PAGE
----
How Was Born was born in 1997 after the first Ontario Make a Will Week campaign. I was founding chair of this Ontario program that ran November 17–23, 1997. Lawyers across Ontario were involved. At that time, only 39.8% of adult Ontario residents had a lawyer-prepared will (Decima Research, August 1997.)

Their aim was to raise public awareness through free estate planning seminars funded by sponsors. Lawyers provided free consultations about the importance of having wills and charitable gift-giving benefits.

Participants included charitable organizations, accountants, a life insurance and a trust company. Seminars were conducted throughout the province. Speakers discussed estate planning, the benefits of gift and tax planning, life insurance and using professional executors.

In the late 1990s, I did not use the internet. There was no Facebook or social media. Instead, the campaign used fax machines, posters, and distributed printed estate planning kits. Volunteers helped organize logistics of province-wide seminars. Committees prepared scripts and information for release. Professional organizers were hired. They started a media campaign. This was to contact media outlets to promote events. This encouraged more media coverage.

My Focus on Estates

Since 1990, I had been teaching the estate planning course to law candidates who sat exams for admission to the Ontario Bar.

I had written an estate planning guide and approached publishers to publish it. I wrote it for consumers purely on speculation. The last publisher I contacted, however, offered me another option with a tight deadline. The Canadian publisher was looking for a lawyer to produce a Canadian edition of Steve Maple’s Complete Idiot’s Guide to Wills and Estates. They needed someone to create a Canadian edition within 30 days. Time was running out.

Wills and Estates for Canadians

The book I was to revise was over 300 pages and had 24 chapters based on American estate laws. I was told I only had to replace American terms with Canadian ones, like replacing college with university. Everyone thought it was as simple as that. But this was not correct.

I was an associate member of the American Bar Association and an executive member of the Ontario Bar Association’s Estates & Trusts section. I looked forward to the challenge. I told the publisher I could co-write the Canadian version – on one condition.

I could not submit a manuscript in 30 days. I had to do it in 29 days. Why? Because on the 30th day I was speaking at the launch of the Make a Will Week campaign.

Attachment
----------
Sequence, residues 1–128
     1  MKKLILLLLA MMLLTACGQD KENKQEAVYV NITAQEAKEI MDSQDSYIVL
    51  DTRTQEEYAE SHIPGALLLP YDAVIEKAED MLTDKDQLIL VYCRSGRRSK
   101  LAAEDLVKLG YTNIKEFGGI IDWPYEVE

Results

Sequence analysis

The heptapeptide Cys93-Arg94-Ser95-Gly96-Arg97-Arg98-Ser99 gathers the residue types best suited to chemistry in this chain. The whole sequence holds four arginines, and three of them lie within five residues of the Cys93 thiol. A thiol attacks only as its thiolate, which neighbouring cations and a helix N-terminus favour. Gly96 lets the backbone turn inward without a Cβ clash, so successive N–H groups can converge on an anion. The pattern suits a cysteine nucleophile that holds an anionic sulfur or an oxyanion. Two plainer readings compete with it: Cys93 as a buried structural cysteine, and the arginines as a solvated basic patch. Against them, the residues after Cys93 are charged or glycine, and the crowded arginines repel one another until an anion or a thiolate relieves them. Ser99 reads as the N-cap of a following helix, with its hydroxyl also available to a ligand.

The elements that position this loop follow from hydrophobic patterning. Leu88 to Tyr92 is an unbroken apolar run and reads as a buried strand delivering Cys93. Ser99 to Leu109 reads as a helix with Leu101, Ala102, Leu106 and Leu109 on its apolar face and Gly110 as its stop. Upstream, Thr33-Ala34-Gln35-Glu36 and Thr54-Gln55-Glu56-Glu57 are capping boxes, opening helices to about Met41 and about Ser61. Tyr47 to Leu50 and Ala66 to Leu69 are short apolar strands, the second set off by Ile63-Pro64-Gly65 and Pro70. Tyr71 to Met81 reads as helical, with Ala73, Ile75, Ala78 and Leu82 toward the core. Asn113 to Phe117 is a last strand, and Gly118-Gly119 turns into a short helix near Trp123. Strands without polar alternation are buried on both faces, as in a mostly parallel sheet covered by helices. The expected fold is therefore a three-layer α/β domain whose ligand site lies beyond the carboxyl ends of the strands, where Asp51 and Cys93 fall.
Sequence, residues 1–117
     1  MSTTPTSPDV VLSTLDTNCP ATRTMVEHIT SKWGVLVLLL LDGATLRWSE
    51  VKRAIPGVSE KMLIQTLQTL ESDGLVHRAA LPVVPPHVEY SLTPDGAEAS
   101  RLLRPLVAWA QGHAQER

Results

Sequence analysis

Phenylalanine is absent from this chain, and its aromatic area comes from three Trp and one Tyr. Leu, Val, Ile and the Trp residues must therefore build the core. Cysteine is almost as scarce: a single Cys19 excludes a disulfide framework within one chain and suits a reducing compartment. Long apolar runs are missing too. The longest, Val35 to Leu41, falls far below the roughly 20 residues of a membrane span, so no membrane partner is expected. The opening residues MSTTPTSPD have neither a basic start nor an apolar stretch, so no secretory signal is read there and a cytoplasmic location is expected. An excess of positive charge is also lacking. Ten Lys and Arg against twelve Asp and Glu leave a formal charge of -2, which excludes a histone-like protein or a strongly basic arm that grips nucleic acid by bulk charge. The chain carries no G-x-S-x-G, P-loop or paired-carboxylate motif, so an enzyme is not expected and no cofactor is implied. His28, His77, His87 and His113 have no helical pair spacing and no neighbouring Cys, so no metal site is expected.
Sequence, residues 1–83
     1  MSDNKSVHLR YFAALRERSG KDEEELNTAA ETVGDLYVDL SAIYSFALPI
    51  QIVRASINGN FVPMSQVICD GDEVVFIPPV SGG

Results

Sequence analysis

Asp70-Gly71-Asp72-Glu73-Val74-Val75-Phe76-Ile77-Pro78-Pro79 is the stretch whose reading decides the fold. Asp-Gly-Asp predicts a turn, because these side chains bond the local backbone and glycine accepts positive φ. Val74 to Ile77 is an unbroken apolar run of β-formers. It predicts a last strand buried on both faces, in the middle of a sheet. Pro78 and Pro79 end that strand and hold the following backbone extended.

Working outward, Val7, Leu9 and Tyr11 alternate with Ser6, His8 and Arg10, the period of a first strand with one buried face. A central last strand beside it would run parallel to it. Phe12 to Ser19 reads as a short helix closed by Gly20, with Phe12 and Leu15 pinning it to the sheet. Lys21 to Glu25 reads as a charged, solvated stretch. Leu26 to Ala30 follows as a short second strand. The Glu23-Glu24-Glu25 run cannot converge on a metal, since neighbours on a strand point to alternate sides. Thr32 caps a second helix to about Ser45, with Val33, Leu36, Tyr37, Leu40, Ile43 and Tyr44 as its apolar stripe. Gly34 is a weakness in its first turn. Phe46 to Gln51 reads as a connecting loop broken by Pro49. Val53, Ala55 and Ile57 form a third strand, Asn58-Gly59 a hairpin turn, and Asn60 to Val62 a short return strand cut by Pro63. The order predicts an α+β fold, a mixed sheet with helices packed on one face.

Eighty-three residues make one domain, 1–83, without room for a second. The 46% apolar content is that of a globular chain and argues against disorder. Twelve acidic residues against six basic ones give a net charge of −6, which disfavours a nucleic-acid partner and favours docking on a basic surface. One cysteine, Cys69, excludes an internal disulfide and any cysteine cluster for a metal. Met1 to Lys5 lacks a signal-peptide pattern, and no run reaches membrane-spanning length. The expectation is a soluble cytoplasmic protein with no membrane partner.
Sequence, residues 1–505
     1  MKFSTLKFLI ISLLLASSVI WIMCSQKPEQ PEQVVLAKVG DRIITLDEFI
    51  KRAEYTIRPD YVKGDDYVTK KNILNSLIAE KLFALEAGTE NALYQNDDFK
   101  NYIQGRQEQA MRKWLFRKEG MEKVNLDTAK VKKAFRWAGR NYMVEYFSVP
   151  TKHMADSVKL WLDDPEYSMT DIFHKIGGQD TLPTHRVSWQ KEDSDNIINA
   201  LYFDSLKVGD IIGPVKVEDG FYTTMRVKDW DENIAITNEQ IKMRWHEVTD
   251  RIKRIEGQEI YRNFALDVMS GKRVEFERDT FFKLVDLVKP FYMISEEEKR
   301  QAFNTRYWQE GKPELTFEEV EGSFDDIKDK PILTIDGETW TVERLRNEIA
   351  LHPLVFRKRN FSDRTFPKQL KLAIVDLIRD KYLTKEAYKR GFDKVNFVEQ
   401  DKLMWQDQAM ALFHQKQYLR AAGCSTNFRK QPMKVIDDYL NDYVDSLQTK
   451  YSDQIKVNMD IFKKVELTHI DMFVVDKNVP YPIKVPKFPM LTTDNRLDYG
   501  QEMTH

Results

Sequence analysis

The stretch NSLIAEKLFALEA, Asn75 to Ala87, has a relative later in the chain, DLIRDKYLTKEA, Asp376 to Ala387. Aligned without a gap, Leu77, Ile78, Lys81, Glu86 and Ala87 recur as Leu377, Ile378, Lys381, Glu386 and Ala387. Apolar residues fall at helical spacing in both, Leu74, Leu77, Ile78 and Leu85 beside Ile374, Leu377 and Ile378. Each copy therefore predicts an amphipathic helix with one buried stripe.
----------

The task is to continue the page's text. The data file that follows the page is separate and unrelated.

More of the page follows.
The publishing team said that no one ever brought a book in on time. If I brought my manuscript in early, they said they would need to rename their building after me.

American and Canadian Estate Law is Different

Estate law in the United States is different from Canadian estate law. Americans have gift taxes and estate inheritance taxes. Probate and power of attorney laws are different in each state. Retirement planning was important to qualify for Medicare. Family laws varied in each state and affected what you could do in wills. Trust planning to avoid probating wills was common.

I rewrote several chapters for Canadian content. One advantage of a large publisher is their marketing ability. They had a national marketing campaign for the Canadian edition of the book. I spoke on radio shows across Canada. I later toured Canada and became a member of the Canadian and American Speakers Association (CAPS). Dottie Waters became one of my speaking mentors. The late John Plank was my speech coach.

While I was doing this, I got hooked on an internet marketing course at York University. In those days, everyone thought if you set up a website you could just sit back. Money would start pouring like in the gold rush days. You would spend the rest of your days counting it.

Unfortunately, this was all hype.

I was told the trick was to have a good domain name. It had to be one that people could remember and spell. That is how was born and my writing addiction started.

Check out my free reports:

How to Avoid the Worst Financial Blunder You Can Make When Preparing Your Will

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Suddenly You’re An Ontario Executor Start Your Executor Journey Here

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End Estate Lawsuits with These Simple Secrets

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